Timothy Taylor (born 1960) is a British-based archaeologist specialising in prehistory and archaeological theory.
Taylor was born in Norfolk and educated at the universities of Cambridge and Oxford.
His academic work began studying ornamental metalwork of the Balkans and western Asia. Since, his focus has shifted and he has done extensive work on the archaeology of cannibalism, sexuality and material culture theory. He has also written several popular books on archaeology. In the 1980s and 1990s he frequently presented his work on television. The British Archaeological Award winner for "best popular archaeology on television" 1991 was a "Down to Earth" episode on which he appeared. Taylor is known for his closely reasoned, wide-ranging, and provocative ideas, and for his ability to connect with a general audience of readers and viewers.
Taylor is currently Jan Eisner Professor of Archaeology, Comenius University in Bratislava.Until 2020 he was Professor of the Prehistory of Humanity at the University of Vienna (Austria) and is editor-in-chief of the Journal of World Prehistory. Until 2012, he was a senior lecturer in archaeology at the University of Bradford (UK).
Andrew Colin Renfrew, Baron Renfrew of Kaimsthorn, is a British archaeologist, paleolinguist and Conservative peer noted for his work on radiocarbon dating, the prehistory of languages, archaeogenetics, neuroarchaeology, and the prevention of looting at archaeological sites.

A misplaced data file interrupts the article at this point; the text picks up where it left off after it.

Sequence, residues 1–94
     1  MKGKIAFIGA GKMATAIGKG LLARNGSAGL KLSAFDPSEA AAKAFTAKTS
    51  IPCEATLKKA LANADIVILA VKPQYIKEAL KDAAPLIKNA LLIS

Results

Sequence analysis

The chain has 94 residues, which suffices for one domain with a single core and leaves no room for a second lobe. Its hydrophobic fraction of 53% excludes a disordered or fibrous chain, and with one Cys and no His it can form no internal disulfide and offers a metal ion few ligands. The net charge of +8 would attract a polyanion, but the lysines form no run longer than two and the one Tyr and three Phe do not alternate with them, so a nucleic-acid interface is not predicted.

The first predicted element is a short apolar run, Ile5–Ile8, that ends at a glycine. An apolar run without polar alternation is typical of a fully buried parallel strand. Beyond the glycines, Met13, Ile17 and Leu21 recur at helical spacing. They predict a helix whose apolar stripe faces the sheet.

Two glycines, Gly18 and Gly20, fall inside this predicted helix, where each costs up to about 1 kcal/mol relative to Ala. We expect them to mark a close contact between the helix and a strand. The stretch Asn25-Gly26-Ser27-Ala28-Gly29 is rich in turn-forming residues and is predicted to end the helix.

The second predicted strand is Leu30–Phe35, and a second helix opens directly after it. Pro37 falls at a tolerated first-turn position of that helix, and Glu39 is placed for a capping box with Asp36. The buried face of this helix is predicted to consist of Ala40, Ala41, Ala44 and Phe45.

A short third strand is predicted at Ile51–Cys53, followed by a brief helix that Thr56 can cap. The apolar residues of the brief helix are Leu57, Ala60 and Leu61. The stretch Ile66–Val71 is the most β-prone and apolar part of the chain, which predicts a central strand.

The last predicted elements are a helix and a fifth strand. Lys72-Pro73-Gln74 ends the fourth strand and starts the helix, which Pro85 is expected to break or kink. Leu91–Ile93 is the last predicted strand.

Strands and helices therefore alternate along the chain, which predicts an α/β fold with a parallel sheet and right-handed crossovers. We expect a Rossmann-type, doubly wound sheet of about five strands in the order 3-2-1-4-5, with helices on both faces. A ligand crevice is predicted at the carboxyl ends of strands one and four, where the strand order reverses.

Vere Gordon Childe was an Australian archaeologist who specialised in the study of European prehistory. He spent most of his life in the United Kingdom, working as an academic for the University of Edinburgh and then the Institute of Archaeology, London. He wrote twenty-six books during his career. Initially an early proponent of culture-historical archaeology, he later became the first exponent of Marxist archaeology in the Western world.
Post-processual archaeology, which is sometimes alternately referred to as the interpretative archaeologies by its adherents, is a movement in archaeological theory that emphasizes the subjectivity of archaeological interpretations. Despite having a vague series of similarities, post-processualism consists of "very diverse strands of thought coalesced into a loose cluster of traditions". Within the post-processualist movement, a wide variety of theoretical viewpoints have been embraced, including structuralism and Neo-Marxism, as have a variety of different archaeological techniques, such as phenomenology.
Culture-historical archaeology is an archaeological theory that emphasises defining historical societies into distinct ethnic and cultural groupings according to their material culture.
The Creswellian is a British Upper Palaeolithic culture named after the type site of Creswell Crags in Derbyshire by Dorothy Garrod in 1926. It is also known as the British Late Magdalenian. According to Andreas Maier: "In current research, the Creswellian and Hamburgian are considered to be independent but closely related entities which are rooted in the Magdalenian." The Creswellian is dated between 13,000 and 11,800 BP and was followed by the most recent ice age, the Younger Dryas, when Britain was at times unoccupied by humans.